Academy Award winning actress Emma Stone put in some serious work in preparing for her role as tennis legend Billie Jean King in Battle of the Sexes, which premieres today. The film follows the most watched televised sporting event of all time, the 1973 tennis match between women's tennis star, Billie Jean King, and former Wimbledon champion, and then 55-year-old, Bobby Riggs. Before playing King on the court, however, Stone hit the gym with trainer Jason Walsh to build an unbelievable amount of muscle—15 pounds—for the role. Here, the Rise Nation founder breaks down the workouts and shakes responsible for achieving the impossible.
Generally speaking, what goes in to being a Hollywood trainer?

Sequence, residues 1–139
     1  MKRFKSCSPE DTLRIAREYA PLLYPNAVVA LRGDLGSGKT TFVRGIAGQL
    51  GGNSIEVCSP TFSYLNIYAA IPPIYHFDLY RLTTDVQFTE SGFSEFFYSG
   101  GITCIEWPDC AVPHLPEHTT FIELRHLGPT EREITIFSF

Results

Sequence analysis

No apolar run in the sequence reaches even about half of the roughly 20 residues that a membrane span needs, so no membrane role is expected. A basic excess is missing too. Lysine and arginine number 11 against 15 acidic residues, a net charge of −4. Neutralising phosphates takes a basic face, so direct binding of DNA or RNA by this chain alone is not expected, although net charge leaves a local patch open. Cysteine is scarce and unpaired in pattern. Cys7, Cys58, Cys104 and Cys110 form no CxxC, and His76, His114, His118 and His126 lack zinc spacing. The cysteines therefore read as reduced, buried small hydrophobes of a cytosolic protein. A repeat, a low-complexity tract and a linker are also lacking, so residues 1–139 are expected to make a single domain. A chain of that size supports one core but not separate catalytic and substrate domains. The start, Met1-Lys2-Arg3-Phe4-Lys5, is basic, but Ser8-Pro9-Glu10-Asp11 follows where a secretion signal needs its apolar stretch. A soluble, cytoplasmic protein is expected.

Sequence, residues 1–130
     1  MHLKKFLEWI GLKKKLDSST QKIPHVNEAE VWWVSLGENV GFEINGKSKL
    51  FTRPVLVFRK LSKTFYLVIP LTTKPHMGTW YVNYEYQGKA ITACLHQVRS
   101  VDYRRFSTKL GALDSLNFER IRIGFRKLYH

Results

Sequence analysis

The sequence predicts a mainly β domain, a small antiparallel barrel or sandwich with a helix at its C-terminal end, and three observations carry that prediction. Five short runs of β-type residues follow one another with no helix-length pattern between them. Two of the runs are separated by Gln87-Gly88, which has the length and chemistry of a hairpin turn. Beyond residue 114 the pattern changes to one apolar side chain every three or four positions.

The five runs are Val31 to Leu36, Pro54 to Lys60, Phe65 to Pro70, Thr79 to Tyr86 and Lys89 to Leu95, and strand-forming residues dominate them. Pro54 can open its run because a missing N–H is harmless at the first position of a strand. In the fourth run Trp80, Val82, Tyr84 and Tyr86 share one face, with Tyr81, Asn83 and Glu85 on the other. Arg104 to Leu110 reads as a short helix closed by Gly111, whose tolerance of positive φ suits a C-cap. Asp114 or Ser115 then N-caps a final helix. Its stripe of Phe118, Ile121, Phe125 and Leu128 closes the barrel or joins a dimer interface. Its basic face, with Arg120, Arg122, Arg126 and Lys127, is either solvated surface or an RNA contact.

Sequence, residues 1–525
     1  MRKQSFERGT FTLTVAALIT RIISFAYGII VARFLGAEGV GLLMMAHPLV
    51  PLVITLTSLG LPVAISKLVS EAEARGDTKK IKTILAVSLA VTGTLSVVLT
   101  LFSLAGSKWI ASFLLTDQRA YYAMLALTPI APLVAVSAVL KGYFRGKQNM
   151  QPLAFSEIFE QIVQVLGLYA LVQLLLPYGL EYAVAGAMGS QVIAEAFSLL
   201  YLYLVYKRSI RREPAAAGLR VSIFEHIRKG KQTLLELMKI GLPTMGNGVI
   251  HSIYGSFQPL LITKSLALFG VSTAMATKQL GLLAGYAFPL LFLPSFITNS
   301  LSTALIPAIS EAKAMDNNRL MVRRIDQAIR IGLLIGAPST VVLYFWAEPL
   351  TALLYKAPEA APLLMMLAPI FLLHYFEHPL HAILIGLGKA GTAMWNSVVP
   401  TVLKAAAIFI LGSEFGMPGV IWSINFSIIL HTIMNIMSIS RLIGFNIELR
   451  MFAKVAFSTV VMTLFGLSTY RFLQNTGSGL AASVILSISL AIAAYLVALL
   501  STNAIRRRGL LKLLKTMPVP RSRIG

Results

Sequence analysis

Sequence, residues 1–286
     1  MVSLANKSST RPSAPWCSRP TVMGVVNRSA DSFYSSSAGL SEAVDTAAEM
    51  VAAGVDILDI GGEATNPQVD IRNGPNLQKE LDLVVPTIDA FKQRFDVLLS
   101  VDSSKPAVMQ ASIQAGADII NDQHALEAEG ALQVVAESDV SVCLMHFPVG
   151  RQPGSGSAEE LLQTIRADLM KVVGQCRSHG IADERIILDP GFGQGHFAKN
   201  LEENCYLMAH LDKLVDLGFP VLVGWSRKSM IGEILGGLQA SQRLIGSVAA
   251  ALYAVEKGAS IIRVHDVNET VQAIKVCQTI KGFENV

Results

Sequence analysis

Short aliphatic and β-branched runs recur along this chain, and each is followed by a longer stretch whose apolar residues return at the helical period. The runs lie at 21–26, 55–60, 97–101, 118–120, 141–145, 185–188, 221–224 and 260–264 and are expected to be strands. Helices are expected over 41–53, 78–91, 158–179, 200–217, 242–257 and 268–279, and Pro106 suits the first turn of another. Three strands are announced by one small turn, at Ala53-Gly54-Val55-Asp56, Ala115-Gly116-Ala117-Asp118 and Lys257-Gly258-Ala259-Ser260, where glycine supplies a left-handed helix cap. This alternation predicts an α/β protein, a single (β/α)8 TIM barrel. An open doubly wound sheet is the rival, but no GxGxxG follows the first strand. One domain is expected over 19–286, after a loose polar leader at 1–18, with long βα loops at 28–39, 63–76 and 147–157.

I’m a trainer in Hollywood, but I don’t like to be called a Hollywood trainer because I train a lot of people, not just actors. The only other difference, honestly, is that these guys are going to be looked at a viewed by millions of people. They get a lot of feedback that most people would never have to hear. That being said, we get to prep them and get them completely ready, both physically and mentally, for their roles. Most people don't think about the mental aspect. What I really try to do is get them to feel 100 percent confident in their own skin. I also make them resilient. Emily Blunt for Edge of Tomorrow had to wear a 70-pound exoskeleton all day long, which is a lot. They’re actors not stunt men. Matt Damon does a lot of his own stunts, like the fighting. If their body isn’t sound, then these guys are going to get hurt. For the most part, the actors that I work with are major assets worth a lot of money. When they get hurt, production stops, and let me tell you, that’s a lot of money. I’m very proud of my clients. When I first meet them, I’m like, “Listen. This is not going to be easy." We don’t cheat. We don’t use any enhancement drugs or anything like that. If I can’t get it done naturally, I just turn the job down. I don’t believe in that stuff and nor would I ever partake. So I tell them how long and arduous the process is going to be and if they’re up for it, I put them through it.